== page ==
©2019 L A Waygood
Why is the earth’s ‘Magnetic North‘ called ‘Magnetic North’, when it’s actually a south magnetic pole?
This often comes as a surprise to many people!
Some writers have put this down to a ‘mix-up’ when the poles were first named. But this is wrong! There never was any mix-up! When explained properly, it is entirely logical why Magnetic North should be a south magnetic pole.
Other writers suggest that the earth’s poles were named after the poles of a magnet —in other words, a magnet’s poles were named first. This is nonsensical because, of course, the poles of a magnet were named according to the direction in which they would point when freely suspended —which is roughly towards the earth’s ‘True North’ and ‘True South’— which has made magnets, in the form of compass needles, so useful for navigational purposes. The earth’s poles were named before those of a magnet!
Some writers even suggest that the ‘North-seeking’ end of a compass needle is actually a south pole, which is completely incorrect!!!
So why does there appear to be so much confusion on this topic? Basically, it can be put down to writers (and sadly, in some cases, teachers!) who make the subject unecessarily confusing.
The confusion exits primarily because many believe that the term, ‘Magnetic North’, refers to magnetic polarity. Nothing could be further from the truth!
‘Magnetic North‘ is simply the name we give to a location on the earth’s surface; it’s not the magnetic polarity at that location. The name, ‘Magnetic North’, is used simply in order to distinguish that location from the location of ‘True North‘. It has nothing whatsoever to do with the magnetic polarity at that location!
‘Magnetic North’ is a location, NOT a polarity!
True North and True South are fixed points located at opposite ends of the earth’s rotational axis. True North is located in the Arctic, and True South is located in the Antarctic. Magnetic North and Magnetic South, on the other hand, are not fixed points; they are relatively close to True North and to True South, but are mobile; i.e. they ‘wander’ about in the region of the True poles in rather the same way in which a top wobbles as it slows down. In the past, it has been difficult to predict precisely where it will be at any given time, because it hasn’t always followed a predicable pattern of movement! Currently, however, it appears to be moving in a relatively straight line, at a velocity of around 55 km/yr, and is now closer to Magnetic North than it has been since records began.
The difference between the locations of True and Magnetic North is called the ‘magnetic inclination‘ and this, of course, has varied over time due to Magnetic North’s ‘wanderings’. Magnetic inclination is important to navigators who rely on compasses, because it has to be figured into their calculations and, of course, it has to be regularly updated by scientists who study this topic.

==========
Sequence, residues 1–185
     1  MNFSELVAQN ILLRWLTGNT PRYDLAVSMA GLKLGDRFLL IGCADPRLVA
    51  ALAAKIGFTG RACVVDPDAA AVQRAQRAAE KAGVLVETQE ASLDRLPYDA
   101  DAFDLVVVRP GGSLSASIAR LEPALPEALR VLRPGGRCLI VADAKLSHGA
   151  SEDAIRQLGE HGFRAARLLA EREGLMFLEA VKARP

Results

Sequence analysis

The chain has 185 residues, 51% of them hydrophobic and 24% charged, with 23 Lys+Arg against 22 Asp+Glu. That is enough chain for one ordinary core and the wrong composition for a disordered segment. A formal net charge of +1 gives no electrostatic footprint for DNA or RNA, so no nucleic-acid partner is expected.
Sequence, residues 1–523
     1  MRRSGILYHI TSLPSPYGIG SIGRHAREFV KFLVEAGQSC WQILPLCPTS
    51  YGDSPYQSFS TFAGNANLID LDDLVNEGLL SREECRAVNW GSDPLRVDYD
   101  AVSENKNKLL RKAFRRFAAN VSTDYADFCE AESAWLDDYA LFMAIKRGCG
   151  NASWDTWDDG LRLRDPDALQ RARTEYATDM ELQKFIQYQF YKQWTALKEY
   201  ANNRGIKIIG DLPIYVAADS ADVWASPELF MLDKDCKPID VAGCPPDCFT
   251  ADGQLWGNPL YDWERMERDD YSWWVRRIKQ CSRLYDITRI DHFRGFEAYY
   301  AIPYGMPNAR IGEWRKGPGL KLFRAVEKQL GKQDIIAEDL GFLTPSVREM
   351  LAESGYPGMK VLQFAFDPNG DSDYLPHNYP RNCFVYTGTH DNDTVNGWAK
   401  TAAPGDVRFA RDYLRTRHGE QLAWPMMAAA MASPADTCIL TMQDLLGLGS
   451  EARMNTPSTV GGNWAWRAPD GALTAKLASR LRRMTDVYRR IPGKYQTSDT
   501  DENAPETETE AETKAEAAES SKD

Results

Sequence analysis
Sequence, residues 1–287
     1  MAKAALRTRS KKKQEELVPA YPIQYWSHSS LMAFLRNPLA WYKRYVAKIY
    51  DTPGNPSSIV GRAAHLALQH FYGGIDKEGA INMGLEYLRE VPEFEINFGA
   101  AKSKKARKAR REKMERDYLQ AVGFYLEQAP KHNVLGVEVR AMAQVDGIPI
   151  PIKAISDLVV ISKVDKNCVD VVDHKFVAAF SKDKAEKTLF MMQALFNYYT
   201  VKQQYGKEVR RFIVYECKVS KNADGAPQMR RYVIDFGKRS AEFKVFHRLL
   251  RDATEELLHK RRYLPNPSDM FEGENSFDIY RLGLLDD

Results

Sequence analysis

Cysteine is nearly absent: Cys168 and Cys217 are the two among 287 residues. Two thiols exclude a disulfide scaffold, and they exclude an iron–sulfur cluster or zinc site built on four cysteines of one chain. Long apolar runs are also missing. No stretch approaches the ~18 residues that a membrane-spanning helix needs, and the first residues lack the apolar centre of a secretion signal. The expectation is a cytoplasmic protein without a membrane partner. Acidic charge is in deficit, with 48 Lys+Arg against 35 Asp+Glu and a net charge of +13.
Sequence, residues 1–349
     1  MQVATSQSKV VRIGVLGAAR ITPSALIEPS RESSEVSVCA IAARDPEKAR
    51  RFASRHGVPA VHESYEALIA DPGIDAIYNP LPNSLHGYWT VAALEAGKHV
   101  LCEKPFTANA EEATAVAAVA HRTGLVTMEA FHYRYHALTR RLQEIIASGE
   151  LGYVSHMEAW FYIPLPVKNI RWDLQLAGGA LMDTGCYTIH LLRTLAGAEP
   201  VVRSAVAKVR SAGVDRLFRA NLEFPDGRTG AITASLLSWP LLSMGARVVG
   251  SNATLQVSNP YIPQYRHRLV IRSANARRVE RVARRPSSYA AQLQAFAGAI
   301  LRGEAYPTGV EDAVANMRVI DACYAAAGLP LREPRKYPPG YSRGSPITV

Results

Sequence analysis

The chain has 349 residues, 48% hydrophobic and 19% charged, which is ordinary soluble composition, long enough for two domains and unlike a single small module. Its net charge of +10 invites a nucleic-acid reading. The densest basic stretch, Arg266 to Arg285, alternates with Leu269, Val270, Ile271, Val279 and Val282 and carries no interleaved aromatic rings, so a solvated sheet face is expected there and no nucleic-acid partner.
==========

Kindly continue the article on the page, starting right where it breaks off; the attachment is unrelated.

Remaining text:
Unlike True North and True South, Magnetic North and Magnetic South are not exactly opposite other! If we were to draw a line through the centre of the earth between Magnetic North and Magnetic South, unlike the rotational axis, that line would be slightly ‘bent’!
So the distance between Magnetic South and True South is not the same as the distance between Magnetic North and True North.
Magnetic North and Magnetic South describe the locations on the earth’s surface where the intensity of the earth’s magnetic flux (i.e. its flux density, expressed in teslas) is highest. Lines of magnetic flux emanate from the earth at the location of Magnetic South, and re-enter the earth at the location of Magnetic North. By common agreement, the direction of these lines of flux are from Magnetic South to Magnetic North, in accordance with the direction a compass needle would point within the earth’s magnetic field.
Although the earth’s magnetic field is often described ‘as though there was a large bar magnet within the earth…’, it’s actually results from circulating electric currents within the molten metal which exists between the earth outer and inner solid cores, some 3000 km below the earth’s surface.
The ends of a freely-suspended bar magnet come to rest pointing roughly in a North/South direction. The end of the magnet which points North was originally termed its ‘North-seeking pole’, and its opposite end, its ‘South-seeking pole’. Over time, we have dropped the ‘seeking’ part and, now, they are simply called the magnet’s ‘north’ and ‘south’ poles.
So, the poles of a magnet are named after the directions in which they point.
The poles of a compass are named in exactly the same way.
Since ‘unlike poles attract‘, the north pole of a bar magnet or compass must be attracted by a south pole, which means that the polarity of ‘Magnetic North‘ must be south.